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Fertility Basics: Progesterone as a Fertility Med

by Dr. Mousa Shamonki on February 19, 2016 at 1:16 pm

Fertility treatment can be confusing—and expensive, whether you have insurance or not. You may be prescribed several different types of drugs, and they can vary based on the type of treatment you’re receiving.

Progesterone, a natural hormone essential for pregnancy, is one type of medication used in fertility treatments. Examples include progesterone injections (also known as progesterone in oil), Endometrin, Prometrium, and Crinone. Progesterone is used throughout your fertility treatment cycle.

What does progesterone do?

In a natural ovulation cycel, progesterone rises just before ovulation, and causes changes in the lining of the uterus (the endometrial lining). This allows an embryo to implant in the uterus. After implantation, progesterone is essential for maintaining a healthy pregnancy until delivery.

When would I use progesterone?

You may start taking progesterone at various points in your fertility treatment, depending on the type of treatment. Regardless of when your doctor starts you on progesterone, you’ll continue using it for several weeks into your pregnancy, until the placenta starts to take over natural progesterone production.

Here’s what you can expect depending on your particular treatment:

  • You may first receive progesterone 1 – 3 days after ovulation.
  • During an IVF cycle, where an embryo is transferred soon after the eggs are retrieved, progesterone is generally started 1 – 2 days after the eggs are removed from the ovary instead.
  • During a frozen embryo transfer cycle, progesterone is started after estrogen has been used to develop the lining of the uterus, and the embryo transfer is timed with the start of progesterone.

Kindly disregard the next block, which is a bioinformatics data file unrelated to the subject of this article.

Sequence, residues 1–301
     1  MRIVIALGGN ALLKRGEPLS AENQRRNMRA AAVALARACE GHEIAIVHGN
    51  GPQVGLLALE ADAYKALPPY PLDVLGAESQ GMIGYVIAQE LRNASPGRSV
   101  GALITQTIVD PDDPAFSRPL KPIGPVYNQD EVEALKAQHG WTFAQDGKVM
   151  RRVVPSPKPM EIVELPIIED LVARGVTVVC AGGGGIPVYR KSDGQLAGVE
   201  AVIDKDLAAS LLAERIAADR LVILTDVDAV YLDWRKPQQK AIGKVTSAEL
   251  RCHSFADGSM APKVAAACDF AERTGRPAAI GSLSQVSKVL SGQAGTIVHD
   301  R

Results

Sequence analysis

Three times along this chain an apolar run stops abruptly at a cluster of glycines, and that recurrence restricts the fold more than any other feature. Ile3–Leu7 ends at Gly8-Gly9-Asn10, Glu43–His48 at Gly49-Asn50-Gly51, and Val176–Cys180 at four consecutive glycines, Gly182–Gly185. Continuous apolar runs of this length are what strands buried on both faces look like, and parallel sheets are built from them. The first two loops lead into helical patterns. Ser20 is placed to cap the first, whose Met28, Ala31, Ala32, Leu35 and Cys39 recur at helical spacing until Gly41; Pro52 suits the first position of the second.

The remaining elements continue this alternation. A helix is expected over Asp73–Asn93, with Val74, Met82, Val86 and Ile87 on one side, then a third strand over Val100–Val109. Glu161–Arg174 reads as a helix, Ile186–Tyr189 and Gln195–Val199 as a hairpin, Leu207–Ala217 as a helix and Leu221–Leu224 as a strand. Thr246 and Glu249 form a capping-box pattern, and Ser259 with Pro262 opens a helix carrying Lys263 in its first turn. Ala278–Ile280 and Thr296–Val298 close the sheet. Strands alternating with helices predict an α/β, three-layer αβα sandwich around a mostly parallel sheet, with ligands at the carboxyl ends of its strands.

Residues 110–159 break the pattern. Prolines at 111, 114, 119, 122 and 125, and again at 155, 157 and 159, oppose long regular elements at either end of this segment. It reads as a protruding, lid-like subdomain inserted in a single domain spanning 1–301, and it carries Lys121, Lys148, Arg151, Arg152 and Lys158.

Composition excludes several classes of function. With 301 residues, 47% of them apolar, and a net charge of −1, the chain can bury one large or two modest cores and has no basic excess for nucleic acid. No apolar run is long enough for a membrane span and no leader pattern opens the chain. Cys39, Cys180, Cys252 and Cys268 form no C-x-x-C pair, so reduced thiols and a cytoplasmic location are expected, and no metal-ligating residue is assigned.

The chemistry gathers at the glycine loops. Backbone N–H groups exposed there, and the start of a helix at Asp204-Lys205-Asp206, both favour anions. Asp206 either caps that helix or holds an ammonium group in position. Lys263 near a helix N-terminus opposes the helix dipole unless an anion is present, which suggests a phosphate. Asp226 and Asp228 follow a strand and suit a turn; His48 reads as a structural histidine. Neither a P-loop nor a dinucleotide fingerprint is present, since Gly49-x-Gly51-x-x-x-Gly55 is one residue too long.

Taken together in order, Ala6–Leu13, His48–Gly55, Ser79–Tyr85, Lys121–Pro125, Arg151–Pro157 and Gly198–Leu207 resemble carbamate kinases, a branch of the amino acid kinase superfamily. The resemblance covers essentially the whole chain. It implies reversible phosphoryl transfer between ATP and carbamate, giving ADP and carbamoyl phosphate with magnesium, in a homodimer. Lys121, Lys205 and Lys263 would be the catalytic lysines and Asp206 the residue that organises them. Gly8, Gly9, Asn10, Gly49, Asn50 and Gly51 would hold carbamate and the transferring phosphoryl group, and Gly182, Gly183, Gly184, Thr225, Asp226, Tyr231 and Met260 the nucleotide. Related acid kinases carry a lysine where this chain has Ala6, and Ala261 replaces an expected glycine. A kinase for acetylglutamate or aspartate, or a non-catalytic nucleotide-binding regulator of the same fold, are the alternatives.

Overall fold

What are the side effects?
Progesterone in oil, because it is an intramuscular injection, can cause redness, swelling, pain, and lumps at the site of the injection. It’s rare, but some people may have a mild allergic reaction to the oil component.

The other forms of progesterone (Prometrium, Crinone, and Endometrin) can cause vaginal discharge and irritation. Again, this is rare, but you can also experience an allergic reaction to one of the components in the tablet, capsule, or gel.

How can I save on my prescription?

Like most fertility drugs, progesterone is likely not covered through your insurance—or you may have a very high co-pay or coinsurance. Fortunately, there still are a few things you can do to bring down your costs.

GoodRx offers discounts at your regular pharmacy, as well as prices from MDR Pharmaceutical Care, a popular online fertility pharmacy. You can save hundreds over the course of your treatment by shopping around.

Endometrin also has a couple of manufacturer offers available. You can save up to $100 each month with the Endometrin Instant Savings Program. The manufacturer also offers an assitance program that will let uninsured patients save even more on Endometrin (and other fertility meds).

There are no manufacturer discounts available for Prometrium, Crinone, or progsterone in oil—but it’s still worth taking a look on GoodRx or asking your doctor how to find a lower price. Additionally, progesterone in oil is a generic medication, which already means you’ll be paying less.

This is part of a series of guest posts from fertility doctor Dr. Mousa Shamonki. Have any questions or requests for more information? Let us know.


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